I’m no believer. Anyone who’s ever had more than a five second chat with me is able to figure that out. I’m a big fan of anything skeptical, be it Skeptic Magazine, an episode of Mythbusters or a book by the legendary Carl Sagan. I’ve worked in laboratories and find the scientific process to be a thing of (relatively) simple beauty.
So, it’s hardly surprising that my collection of poetry, Regulator, contains a few pieces that deal with issues of skepticism. There’s one about the (understandably) secret attempt by an Apollo astronaut to transmit psychic thoughts from space*, and another, called Two Books, about my take on the absurdity of Christian religion.
I’m very excited to say that a reading of the latter poem will be included in tomorrow’s 60th episode of the absolutely brilliant skeptic/atheist podcast, The Herd Mentality. The podcast is the baby of Adam Reakes, a fantastic guy who dedicates much of his time to the admirable endeavour of promoting critical thinking. I’d like to thank Adam and urge you to subscribe to The Herd Mentality Podcast.
*I decide to end my poem just short of his inevitable disappointment, despite the fact that he actually claims the experiment was somewhat successful.
A great passion or mine—some might say obsession—is Disney animation. Our family VCR was a true work horse, playing and replaying cassette after cassette when my siblings and I came home from school and all weekend, every one a Disney feature film.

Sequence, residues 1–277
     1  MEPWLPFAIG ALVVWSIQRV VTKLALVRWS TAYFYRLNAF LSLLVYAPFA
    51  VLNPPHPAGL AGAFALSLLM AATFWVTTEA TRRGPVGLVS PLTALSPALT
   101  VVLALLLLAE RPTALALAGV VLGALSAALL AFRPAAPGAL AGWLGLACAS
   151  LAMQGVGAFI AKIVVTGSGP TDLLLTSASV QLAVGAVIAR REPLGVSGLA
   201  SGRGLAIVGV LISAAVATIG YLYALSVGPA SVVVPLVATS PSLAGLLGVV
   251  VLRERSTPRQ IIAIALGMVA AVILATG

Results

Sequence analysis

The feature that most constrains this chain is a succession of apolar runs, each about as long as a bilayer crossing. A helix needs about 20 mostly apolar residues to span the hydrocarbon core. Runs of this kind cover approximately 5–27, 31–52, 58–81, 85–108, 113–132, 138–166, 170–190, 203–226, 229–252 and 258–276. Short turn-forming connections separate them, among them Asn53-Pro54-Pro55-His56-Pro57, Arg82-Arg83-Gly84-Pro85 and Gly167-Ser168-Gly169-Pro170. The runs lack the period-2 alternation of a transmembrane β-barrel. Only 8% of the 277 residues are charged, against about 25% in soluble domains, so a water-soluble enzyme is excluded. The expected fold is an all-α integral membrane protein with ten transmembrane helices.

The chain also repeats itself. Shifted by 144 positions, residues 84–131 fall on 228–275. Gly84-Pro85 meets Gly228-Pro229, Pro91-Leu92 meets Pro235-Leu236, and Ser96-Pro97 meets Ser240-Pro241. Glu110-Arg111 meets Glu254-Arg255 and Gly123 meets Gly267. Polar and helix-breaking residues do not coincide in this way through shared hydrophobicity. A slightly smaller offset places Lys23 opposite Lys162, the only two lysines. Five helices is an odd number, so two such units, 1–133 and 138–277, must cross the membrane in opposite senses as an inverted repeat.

As an adult, that excitement has never gone away. Some people find this strange (I’m thinking of you, head-shaking mother in the matinee screening of Frozen), but it’s a natural progression of the sheer enjoyment these wonderful movies provided as a child. Acquaintances are usually either impressed or shocked to hear that I’ve visited eight separate Disney theme parks around the world.
I now rightly view these films as more than entertainment. They’re true works of art. The mind-blowing amount of work that goes into each of these films is utterly astounding, and delving behind the scenes through books and blogs is a daily source of interest.
Recently (as a form of procrastination), I started to write down some thoughts about a particular design feature I’d noticed in a significantly large amount of Disney animated films, something I’d never heard anyone discuss before. It was purely a fun, throw-away exercise in writing, but I ended up sending it to a great Disney blog that sometimes accepts article submissions. They’ve just posted it today.
The article has been quite heavily edited—the playful introduction has been removed, the spelling Americanised, and there’s half a paragraph in there that I didn’t even write—but I still think it reads fairly well and draws attention to an interesting Disney design feature. It was fun to write something other than poetry for a change, too! Nowhere near as intense or slow.
Here is my article, Rising Above It: Disney’s Use of the ‘Rocky Platform’ at The Mickey Mindset.